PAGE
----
#21 we'll I've just read that and whilst it's all very impressive it doesn't answer any of my questions, does it?
"Give me the technical explanation, quantified, on this improvement in friction, when the stuff is first laid, after a month, 3 months etc.
And maybe the reasons for needing that improvement, because if it's not needed it's not a benefit."
After just a few weeks the resurfacing I mentioned is now back to flat and shiny on the wheel tracks, especially noticeable in the corners.
This type of resurfacing makes the road considerably noisier for residents aswell.
Anyone prepared to pay more tax to have the road surfaced properly?
Evidence from the last few elections suggests not.
1.6K Roadsport SV
In the UK, I believe it is the county councils that are responsible for the highways. In my case, East Sussex County Council.
If a modest increase in council tax, completely ring-fenced for road resurfacing was proposed, I for one would be willing to divvy up.
The problem is, I wouldn't trust ESCC to sit the right way round on a toilet seat, let alone not misappropriate my money for their own utterly useless ends.
The evidence from the current leadership campaign is that few are prepared to pay.
Democratic dissent is not disloyalty, it is a positive civic duty
#25 - you are right , for most roads in areas with 'two tier' councils (county and district) although districts sometimes are made 'agent authorities' , typically to do the work in a town . In 'single tier' areas like West Yorkshire and Manchester the single council does the lot .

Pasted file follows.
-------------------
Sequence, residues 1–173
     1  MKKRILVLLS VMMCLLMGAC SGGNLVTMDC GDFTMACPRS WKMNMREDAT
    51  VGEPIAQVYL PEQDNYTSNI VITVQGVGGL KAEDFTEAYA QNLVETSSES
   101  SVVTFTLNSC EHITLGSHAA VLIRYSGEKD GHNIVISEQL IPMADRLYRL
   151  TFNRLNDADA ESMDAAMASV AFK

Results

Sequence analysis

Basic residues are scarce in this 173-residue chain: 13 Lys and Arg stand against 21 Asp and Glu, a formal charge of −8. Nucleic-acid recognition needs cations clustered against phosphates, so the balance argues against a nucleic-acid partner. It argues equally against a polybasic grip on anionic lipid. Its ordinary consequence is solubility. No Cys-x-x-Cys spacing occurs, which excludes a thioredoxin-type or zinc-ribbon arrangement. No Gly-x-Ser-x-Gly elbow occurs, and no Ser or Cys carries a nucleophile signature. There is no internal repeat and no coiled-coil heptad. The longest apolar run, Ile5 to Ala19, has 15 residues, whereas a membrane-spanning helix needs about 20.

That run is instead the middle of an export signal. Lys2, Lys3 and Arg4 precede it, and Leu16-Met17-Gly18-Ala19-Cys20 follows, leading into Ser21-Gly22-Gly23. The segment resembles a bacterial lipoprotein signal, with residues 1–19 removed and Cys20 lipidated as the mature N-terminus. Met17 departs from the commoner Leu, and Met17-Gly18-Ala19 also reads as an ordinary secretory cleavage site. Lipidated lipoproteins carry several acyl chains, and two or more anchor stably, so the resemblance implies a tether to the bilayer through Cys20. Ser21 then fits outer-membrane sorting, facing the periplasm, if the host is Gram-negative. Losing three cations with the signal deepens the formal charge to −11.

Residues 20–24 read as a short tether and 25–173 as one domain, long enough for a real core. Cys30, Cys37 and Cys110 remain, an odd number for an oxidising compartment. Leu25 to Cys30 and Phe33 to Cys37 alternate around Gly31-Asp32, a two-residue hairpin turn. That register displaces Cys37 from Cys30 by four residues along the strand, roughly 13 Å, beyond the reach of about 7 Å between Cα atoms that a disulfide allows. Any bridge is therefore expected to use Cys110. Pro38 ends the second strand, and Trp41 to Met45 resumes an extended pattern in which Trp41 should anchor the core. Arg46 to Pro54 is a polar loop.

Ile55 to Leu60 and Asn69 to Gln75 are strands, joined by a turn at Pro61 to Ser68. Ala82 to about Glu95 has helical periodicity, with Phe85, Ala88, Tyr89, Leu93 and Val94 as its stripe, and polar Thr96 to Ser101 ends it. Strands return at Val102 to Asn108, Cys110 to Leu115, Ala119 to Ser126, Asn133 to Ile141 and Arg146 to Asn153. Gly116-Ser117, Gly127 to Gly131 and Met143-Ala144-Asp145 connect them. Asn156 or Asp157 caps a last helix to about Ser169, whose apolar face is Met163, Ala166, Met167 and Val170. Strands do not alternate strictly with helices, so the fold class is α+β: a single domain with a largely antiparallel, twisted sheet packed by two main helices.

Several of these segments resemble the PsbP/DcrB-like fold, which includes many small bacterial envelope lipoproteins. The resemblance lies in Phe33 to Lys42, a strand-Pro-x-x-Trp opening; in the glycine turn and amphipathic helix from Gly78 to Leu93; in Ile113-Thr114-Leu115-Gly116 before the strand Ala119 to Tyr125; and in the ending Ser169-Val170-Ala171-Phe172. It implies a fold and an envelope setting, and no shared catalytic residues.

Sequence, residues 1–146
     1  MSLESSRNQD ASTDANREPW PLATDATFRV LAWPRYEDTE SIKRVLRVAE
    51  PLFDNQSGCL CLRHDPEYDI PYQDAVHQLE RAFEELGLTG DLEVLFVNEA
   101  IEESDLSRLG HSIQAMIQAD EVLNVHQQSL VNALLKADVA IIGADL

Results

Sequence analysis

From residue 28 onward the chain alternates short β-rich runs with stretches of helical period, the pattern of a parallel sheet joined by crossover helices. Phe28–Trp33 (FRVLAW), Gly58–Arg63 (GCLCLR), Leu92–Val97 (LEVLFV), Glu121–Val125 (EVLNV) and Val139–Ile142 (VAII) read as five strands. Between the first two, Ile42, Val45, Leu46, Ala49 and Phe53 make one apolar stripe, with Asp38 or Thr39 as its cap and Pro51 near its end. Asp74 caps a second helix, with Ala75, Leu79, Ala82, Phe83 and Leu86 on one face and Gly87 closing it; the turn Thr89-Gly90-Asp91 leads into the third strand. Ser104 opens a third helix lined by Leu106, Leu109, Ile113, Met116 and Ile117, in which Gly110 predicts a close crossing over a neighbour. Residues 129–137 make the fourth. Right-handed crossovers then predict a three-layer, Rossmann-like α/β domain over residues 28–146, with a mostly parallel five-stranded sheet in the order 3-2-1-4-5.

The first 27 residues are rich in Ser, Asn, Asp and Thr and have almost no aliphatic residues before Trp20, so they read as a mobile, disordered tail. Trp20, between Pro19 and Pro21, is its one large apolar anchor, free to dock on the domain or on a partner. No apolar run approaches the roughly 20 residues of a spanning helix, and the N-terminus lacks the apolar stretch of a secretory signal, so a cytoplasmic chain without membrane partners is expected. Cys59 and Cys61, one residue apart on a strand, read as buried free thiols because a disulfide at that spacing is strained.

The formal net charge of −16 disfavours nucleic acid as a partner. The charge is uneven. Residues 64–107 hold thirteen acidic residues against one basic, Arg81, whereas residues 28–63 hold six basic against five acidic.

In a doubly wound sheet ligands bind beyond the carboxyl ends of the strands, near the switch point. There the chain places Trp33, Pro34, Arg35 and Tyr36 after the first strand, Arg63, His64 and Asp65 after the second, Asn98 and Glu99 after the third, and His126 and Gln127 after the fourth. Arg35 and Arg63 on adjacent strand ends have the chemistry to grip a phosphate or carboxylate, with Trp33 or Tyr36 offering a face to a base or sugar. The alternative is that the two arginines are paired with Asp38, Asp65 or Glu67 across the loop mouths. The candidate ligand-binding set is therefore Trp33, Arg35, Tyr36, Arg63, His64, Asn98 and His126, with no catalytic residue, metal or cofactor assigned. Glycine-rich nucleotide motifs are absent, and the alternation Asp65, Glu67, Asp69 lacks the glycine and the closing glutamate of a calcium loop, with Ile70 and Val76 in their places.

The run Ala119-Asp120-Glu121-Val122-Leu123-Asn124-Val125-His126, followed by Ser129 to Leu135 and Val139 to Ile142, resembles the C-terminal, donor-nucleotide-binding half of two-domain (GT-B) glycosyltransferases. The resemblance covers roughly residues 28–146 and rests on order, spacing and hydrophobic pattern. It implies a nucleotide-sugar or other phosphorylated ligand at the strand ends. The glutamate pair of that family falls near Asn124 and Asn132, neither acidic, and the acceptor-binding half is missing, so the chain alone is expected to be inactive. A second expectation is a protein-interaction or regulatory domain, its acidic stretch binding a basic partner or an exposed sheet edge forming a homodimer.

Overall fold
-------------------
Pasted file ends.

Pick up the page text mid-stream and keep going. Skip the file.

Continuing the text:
The exception to both is for what used to be called trunk roads - big stuff like Motorways and some, but not all A roads.
Saying all this reminds me how much I don't miss work ..
As said , people want a Waitrose service at Poundshop prices and also think that they have a personal entitlement to all discretionary services . I remember one of my snotty neighbours saying he wasn't going to pay Council tax because the road wasn't gritted. It was single track road , rising to 600 ft asl and served a hamlet with a population of about 60 people . I made two points- the council has 6000 miles of road and grits priority routes . so how much will you pay to have this totally unimportant road gritted ? And, BTW , unlike you I don't have four kids being educated by the local council - but I am not asking for a council tax refund .
Council income is complicated. Apart from the budgets being far too small for the job most of it doesn't come from council tax and their discretion is severely circumscribed.
"Local Government Explained Part 3: How are councils funded?"
Any political party going to offer the option to pay more tax or declare how much it would need to increase by to have properly surfaced roads?
Any political party going to offer to stop pissing away money on anti-motoring measures like speed humps and lower limits?
I don't see any political party providing a manifesto commitment to sort out basic infrastructure.
Good idea - an extra tax to have properly surfaced roads.
Of course, it would only be payable by people who use the roads... and we cannot call it a 'tax' as we've enough of these, so we'll call it a 'license'... Yes, a license to fund the building and upkeep of the roads... makes complete sense... just need a name for it... how about 'Road Fund License'... yes, perfect! Problem solved!
I don't support tax hypothecation